Of concern to me, however, were the policy formulation and public education strategies of GOP candidates that were allowed and acquiesced to by core Republicans.  Campaigns are not classrooms; little substantive teaching or learning happens in the exchanges between candidates and voters, and campaigns that try to educate almost always fail. Nevertheless, the winning GOP candidate, or another party candidate, could have stuck to promises to rework free trade agreements for fairer terms, to rebuild traditional infrastructure such as roads, bridges, rails and shipping lanes, to start new infrastructure such as universal internet access for rural areas and small towns, to propose other new rural and small town development programs, to promote ideas for strong local schools, health care facilities, churches, and the like, and to advocate for other matters that would create a financial and economic infrastructure to help non-urban areas.  These would have been substantive policy ideas aimed at attracting the non-urban voter, particularly in the South, in ways and through means in which government is competent. Instead, the campaign was characterized by attracting these voters by appealing to their fears and prejudices, not their interests.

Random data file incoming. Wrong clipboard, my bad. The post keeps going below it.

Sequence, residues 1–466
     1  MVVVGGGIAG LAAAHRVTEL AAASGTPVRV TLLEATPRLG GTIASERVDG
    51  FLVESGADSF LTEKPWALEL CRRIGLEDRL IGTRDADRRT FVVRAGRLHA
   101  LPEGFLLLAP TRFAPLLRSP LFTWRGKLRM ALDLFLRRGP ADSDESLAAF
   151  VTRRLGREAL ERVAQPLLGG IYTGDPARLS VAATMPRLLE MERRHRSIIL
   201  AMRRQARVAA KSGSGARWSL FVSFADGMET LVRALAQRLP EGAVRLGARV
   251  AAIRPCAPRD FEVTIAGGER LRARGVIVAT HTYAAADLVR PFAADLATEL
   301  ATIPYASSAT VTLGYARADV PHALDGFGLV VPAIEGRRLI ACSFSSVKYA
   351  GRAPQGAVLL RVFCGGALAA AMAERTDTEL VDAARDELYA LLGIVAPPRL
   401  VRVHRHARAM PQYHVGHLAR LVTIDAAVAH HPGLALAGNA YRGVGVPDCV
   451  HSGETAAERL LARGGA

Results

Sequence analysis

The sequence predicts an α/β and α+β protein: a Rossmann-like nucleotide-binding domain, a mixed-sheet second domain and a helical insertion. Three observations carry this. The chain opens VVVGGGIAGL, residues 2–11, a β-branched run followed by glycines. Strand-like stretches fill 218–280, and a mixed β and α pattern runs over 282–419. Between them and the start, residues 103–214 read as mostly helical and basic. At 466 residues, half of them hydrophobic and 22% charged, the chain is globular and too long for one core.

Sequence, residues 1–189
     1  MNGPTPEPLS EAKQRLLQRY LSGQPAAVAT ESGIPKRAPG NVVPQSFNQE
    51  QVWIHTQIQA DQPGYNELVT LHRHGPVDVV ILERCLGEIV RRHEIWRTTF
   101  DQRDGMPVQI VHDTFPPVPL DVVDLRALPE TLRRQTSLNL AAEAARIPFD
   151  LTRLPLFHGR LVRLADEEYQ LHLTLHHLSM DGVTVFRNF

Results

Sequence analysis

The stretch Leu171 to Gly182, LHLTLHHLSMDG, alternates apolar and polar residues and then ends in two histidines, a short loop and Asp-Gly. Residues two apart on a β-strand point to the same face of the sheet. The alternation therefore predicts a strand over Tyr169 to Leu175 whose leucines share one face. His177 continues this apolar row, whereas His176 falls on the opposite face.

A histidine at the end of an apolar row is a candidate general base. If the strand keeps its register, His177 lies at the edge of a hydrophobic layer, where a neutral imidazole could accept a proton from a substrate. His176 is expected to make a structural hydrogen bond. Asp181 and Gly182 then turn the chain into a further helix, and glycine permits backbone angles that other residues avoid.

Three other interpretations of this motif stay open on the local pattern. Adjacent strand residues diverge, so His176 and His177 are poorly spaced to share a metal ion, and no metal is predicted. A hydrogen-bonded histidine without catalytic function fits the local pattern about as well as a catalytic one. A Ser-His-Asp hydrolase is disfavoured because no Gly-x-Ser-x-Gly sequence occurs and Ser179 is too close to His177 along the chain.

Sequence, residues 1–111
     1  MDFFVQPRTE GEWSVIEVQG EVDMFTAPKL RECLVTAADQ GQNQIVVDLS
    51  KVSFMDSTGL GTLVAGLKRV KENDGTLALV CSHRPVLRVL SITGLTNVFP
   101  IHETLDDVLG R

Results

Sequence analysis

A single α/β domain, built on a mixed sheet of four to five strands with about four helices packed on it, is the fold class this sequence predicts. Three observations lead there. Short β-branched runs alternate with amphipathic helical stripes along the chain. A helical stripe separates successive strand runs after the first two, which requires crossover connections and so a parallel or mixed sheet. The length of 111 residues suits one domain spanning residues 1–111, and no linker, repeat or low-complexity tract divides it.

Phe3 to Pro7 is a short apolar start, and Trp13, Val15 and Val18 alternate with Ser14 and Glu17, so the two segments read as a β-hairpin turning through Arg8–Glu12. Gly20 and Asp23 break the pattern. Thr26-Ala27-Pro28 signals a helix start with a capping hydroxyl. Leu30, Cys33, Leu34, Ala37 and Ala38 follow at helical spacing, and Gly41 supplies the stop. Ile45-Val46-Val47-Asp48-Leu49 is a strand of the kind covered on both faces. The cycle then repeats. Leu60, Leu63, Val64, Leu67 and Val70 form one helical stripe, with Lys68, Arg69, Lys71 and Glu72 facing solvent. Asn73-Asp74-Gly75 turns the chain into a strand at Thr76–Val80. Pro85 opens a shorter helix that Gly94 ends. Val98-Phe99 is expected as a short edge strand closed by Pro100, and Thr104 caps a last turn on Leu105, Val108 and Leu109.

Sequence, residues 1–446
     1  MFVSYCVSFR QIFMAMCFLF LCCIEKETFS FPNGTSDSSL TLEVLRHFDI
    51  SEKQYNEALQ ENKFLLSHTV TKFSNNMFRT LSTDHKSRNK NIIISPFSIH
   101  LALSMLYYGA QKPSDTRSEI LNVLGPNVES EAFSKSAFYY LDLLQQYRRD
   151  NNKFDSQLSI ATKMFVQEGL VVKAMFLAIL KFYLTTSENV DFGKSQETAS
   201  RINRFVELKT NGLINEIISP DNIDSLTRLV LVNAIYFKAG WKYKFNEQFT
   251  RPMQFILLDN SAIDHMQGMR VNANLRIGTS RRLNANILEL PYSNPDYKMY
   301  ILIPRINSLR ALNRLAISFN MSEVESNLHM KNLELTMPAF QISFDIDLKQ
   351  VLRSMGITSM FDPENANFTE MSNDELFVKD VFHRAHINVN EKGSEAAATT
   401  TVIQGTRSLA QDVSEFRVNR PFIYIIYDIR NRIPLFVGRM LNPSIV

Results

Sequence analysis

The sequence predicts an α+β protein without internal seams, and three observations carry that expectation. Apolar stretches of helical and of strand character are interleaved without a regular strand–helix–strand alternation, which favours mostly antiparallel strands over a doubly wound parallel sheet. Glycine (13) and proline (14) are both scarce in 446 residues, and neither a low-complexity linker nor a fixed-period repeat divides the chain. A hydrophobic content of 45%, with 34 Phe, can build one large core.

In the short term, and at the superficial level, it is no surprise that few in the GOP establishment resisted the tone and tenor of the successful presidential nomination and election campaign. The three established planks of the party are, as I noted in my first essay, a muscular foreign policy led by the military, free global trade that produces overall wealth, and acclaim for a set of values rooted in traditional religious expression that provide social stability.  These are defensible positions, of high and worthy symbolic value, and with some material and tangible benefits to all, although more thoroughly for the upper classes. Their benefits to the working class are mixed, not very material, and Trump, at least, noted that and ran on that.  After his successful election, however, the establishment GOP is now faced with a difficult choice in its strategy to keep Trump voters voting for the party.  One choice is to alter significantly the standing Republican view of the role of the federal government in local economic development and in the material strains on the non-urban working class and their communities.  This position proposes real, constructive, and appropriate ways to attract Trump voters over the longer term. In general, it is the road I believe should be taken. The other choice facing all three elements of the GOP establishment is to continue to tolerate, or at least acquiesce to in an offensive communication strategy that demonizes as evil the other party and the more varied socioeconomic and demographic groups that tend to support it in elections. It will be interesting to see which path is taken.  The choice Republicans make will interact in some ways with what Democrats choose; but one could do worse that have a debate between the two major parties on how best to improve the material condition for all individuals in the nation.